So we headed for Crickley Hills Countryside Park near Gloucester, a frequent lunch stop on the way to the south coast, with good loos and wonderful views over the countryside. We had often said we should go and do one of the walks instead of just passing through, so that is what we did. But even that didn't go to plan - I lost the map of the route map within a few minutes and had to go back to get another, and then we got mixed up in the roaring traffic on the A417 when we *thought* we were going for a peaceful walk in the countryside. So we deffed that and walked a couple of the tracks in the park itself before sitting in the shade and enjoying our picnic. Some cloud bubbled up over the afternoon, but frankly the shade was very welcome on a very warm and humid day. On the way home when we did pass into patches of sun it was like getting too close to an open furnace door. Still, another scenic route home and a pleasant 100 miles or so for Bee.

July 7th-9th, Goodwood Festival of Speed

General views of Goodwood Personalities Motor Sport Pioneers
1886-1914 Pioneers of the Targa Florio
1906-1939 Grand Prix racing
1920-1940 Sports and Endurance Racers
1940-1962 Grand Prix cars
1945-1960 Indianapolis 500 GP Single Seater
1960-1970 Racing Saloon Cars
1966-2006 Sports Car Racers
1962-1980 The F1 Car
1970-1990 Motorcycling The Pinnacle of Single Seater Motor Sport Grand Prix cars
1990-2000 Racing Sports Cars
1980-2006 Supercars Rallying

Quite a late decision to go, celebrating 100 years of Grands Prix and Nigel Mansell making his first appearance made up my mind. Fantastic organisation right through, a really classy event. Extremely popular - much more so than the British Grand Prix and significantly cheaper - but so much space and plenty of things going on as well as cars going up the hill it was never overcrowded. Weather just right on the Saturday - plenty of sun but a breeze and some light cloud so never too hot, but Sunday dawned drizzly which didn't clear up until mid-morning, soon dried up and sunny after that though. It was great to be able to get so close to the cars and stars, probably the most amazing part was the F1 cars were driven back through the crowds in the paddock, I shall never forget standing 2 feet away - with no barriers - as they manoeuvred back to their 'tents' under their own power in most cases. Tornado GR4 on the Saturday was a bit disappointing, some fast passes but not much manoeuvring even with the high cloud base. The tail-slides and acrobatics of the MIG I saw many years previously was far more impressive. Red Arrows gave an even better display than I have seen before although unfortunately due to the low cloud base they had to give the low-level display and standing where I was I missed much of the very low-level stuff like the opposition pairs. Very strong cross-wind, so the formation flying was even more impressive than usual. Took loads of pictures, I've only shown one from each class in the thumbnails below, but clicking those takes you to a page with other pictures from the same class.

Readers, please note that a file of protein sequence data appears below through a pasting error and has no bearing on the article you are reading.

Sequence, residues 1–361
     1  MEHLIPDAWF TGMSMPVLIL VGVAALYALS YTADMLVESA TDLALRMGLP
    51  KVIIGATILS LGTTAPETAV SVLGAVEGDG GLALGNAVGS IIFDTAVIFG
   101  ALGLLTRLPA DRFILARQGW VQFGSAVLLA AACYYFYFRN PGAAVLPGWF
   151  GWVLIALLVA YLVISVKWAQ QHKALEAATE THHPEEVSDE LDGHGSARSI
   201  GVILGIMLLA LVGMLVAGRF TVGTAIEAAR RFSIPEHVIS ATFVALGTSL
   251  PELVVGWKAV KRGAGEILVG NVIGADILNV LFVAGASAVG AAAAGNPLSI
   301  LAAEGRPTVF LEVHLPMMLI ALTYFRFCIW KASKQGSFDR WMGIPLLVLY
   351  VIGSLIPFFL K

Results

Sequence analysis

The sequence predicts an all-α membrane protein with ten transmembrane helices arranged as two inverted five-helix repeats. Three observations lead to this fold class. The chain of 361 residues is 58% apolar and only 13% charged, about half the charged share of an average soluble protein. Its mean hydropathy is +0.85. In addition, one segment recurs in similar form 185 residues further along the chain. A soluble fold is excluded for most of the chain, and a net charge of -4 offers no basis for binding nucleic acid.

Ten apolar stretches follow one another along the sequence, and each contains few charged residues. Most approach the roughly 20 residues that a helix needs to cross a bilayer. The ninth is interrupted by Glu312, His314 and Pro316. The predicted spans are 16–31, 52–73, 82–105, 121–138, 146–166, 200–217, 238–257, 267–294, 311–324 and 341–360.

You could do it in one day, if you missed out the upper part of the hill and the Forest rally stage, as all participants make one run each morning and another in the afternoon, although often with different drivers where stars were concerned. This would allow you to do the paddocks in the morning and get up close to the cars and drivers, and spend the afternoon track-side watching the runs (or vice-versa). With two paddocks quite a distance apart you would be bound to miss a lot of the comings and goings though, even if you did get to see all the cars when parked.

A 390 mile trouble-free run for Vee. Beforehand she had been rattling and tapping quite badly on the short hot runs she had been restricted to for a couple of weeks. But after the long run down she was almost silent and still silent on the hot queuing and stop-start driving to get in both days. Still pretty quiet back at home on short hot runs, but I know she'll get noisier again. I wish I knew what was making the noise, and why it comes and goes like it does.

June 24th/25th, River Exe Rally

What a cracking weekend! Mostly sunny but a bit cool on the Friday, but fabulous weather on the Saturday and Sunday, and another bunch of friendly people. Met a couple for whom this was only their second run, their first being the Arden Heritage the previous week! A very scenic run along the coast from Exmouth to Sidmouth then turning inland and looping back for a delicious cream tea on the edge of Dartmoor, thanks to Tim and all at Exeter Area. We stayed at The Gissons Arms near Exeter, comfortable rooms and great food, but very close to the noisy A38 so make sure you ask for a room on the back. Renewed some memories as we had holidayed in the area when our children were little some 30 years ago, explored a bit further along the coast to Lyme Regis before turning north for home on the Sunday. 490 trouble-free miles, except for the brake servo which was sticking quite a bit in the hot weather, must get that sorted this year.